Cromwell's Convicts

The Death March from Dunbar 1650

John Sadler, Rosie Serdiville

On 3 September 1650 Oliver Cromwell won a decisive victory over the Scottish Covenanters at the Battle of Dunbar - a victory that is often regarded as his finest hour - but the aftermath, the forced march of 5,000 prisoners from the battlefield to Durham, was one of the cruellest episodes in his career.
Date Published :
April 2020
Publisher :
Pen and Sword
Language:
English
Illustration :
20 black and white illustrations
Format Available    QuantityPrice
Binding. : Hardback
ISBN : 9781526738202
Pages : 240
Dimensions : 9.25 X 6 inches
Stock Status : In stock
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$34.95

Overview
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On 3 September 1650 Oliver Cromwell won a decisive victory over the Scottish Covenanters at the Battle of Dunbar – a victory that is often regarded as his finest hour – but the aftermath, the forced march of 5,000 prisoners from the battlefield to Durham, was one of the cruelest episodes in his career.

The march took them seven days, without food and with little water, no medical care, the property of a ruthless regime determined to eradicate any possibility of further threat. Those who survived long enough to reach Durham found no refuge, only pestilence and despair. Exhausted, starving and dreadfully weakened, perhaps as many as 1,700 died from typhus and dysentery. Those who survived were condemned to hard labor and enforced exile in conditions of virtual slavery in a harsh new world across the Atlantic.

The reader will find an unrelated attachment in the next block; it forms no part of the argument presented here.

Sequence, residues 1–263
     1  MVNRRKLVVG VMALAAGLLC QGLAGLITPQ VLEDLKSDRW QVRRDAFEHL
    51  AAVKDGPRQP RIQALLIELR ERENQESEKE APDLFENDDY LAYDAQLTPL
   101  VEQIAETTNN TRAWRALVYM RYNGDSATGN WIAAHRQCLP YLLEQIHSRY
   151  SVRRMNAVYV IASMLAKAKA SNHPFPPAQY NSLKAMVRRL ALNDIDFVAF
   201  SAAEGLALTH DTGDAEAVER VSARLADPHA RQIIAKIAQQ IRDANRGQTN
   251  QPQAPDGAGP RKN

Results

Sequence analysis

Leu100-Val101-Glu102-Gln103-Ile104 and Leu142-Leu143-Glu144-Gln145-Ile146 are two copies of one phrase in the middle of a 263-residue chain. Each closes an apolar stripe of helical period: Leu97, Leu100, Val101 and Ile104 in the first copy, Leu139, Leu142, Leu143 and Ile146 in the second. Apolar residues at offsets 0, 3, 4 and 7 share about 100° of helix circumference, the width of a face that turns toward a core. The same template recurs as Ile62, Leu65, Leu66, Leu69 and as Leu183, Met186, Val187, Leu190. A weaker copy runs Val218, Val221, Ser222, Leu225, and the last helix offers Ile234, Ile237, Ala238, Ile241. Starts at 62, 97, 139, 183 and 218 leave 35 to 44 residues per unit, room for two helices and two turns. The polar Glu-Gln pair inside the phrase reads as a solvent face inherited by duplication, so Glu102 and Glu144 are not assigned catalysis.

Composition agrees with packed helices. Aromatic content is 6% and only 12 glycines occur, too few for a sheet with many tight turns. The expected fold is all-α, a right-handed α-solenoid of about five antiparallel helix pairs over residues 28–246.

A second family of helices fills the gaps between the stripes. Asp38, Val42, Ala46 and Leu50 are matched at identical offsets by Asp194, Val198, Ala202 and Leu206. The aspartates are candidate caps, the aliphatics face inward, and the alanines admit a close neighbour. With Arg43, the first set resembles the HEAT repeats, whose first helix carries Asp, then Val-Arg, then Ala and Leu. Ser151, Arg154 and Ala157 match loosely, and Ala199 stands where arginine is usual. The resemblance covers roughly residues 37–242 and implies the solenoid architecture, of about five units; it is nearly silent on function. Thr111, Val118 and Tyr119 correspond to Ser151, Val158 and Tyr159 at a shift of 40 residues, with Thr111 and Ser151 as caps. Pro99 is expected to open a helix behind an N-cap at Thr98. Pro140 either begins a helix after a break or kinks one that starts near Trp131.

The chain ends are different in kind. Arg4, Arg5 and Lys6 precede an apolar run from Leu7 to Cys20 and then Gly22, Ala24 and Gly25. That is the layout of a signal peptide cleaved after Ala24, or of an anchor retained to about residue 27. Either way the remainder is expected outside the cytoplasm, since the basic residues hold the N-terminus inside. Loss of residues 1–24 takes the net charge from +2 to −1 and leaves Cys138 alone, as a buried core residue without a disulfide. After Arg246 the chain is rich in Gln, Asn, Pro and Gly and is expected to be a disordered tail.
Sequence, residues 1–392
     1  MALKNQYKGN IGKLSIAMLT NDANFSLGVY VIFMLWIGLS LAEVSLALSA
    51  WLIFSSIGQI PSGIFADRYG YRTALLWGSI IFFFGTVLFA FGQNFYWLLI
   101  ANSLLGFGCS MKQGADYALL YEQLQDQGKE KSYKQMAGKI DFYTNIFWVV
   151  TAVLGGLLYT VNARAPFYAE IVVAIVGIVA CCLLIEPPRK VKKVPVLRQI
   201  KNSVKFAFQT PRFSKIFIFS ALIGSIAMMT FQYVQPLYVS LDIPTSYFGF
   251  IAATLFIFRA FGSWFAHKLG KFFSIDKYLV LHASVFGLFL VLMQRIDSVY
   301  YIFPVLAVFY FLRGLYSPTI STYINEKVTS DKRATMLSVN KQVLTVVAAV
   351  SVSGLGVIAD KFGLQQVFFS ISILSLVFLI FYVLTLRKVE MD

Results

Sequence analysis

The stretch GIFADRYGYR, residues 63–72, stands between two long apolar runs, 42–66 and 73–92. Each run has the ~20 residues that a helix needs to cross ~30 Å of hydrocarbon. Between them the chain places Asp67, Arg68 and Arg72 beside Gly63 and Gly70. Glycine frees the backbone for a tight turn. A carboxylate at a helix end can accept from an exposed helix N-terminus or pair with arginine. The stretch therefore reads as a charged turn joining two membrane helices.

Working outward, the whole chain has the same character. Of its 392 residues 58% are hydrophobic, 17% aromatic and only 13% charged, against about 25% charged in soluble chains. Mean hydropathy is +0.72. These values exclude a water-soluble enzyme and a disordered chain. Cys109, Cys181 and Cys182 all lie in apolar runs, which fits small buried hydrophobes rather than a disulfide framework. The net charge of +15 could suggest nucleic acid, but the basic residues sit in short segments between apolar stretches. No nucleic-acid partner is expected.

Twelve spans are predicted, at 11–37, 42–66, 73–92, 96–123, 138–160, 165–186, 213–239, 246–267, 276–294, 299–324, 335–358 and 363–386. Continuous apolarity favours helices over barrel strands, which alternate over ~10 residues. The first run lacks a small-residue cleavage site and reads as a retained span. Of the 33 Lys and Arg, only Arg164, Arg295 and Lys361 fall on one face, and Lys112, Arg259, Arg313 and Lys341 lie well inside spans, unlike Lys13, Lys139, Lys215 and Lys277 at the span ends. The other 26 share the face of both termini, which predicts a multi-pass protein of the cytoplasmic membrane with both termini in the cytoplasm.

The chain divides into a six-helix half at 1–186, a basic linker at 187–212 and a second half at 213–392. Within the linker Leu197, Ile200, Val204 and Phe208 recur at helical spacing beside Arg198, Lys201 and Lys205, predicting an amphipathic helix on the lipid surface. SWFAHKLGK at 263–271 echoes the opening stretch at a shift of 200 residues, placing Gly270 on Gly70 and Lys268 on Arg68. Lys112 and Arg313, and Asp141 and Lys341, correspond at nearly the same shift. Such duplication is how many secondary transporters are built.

Cromwell's Convicts is the first book to describe their ordeal in detail and, by using archaeological evidence, to bring the story right up to date. John Sadler and Rosie Serdiville describe the battle at Dunbar, but their main focus is on the lethal week-long march of the captives that followed. They make extensive use of archive material, retrace the route taken by the prisoners and describe the recent archaeological excavations in Durham which have identified some of the victims and given us a graphic reminder of their fate.

About The Author
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John Sadler's main specialty is in military history, as an accomplished author, lecturer, battlefield tour guide, heritage professional and historical interpreter. He is a visiting lecturer at the University of Sunderland Centre For Lifelong Learning since 1998. He lives in the North East of England.

Rosie Serdiville is a social historian and re-enactor with a particular interest in the wider impact of war on civilian populations. She delights in spending time in archives.

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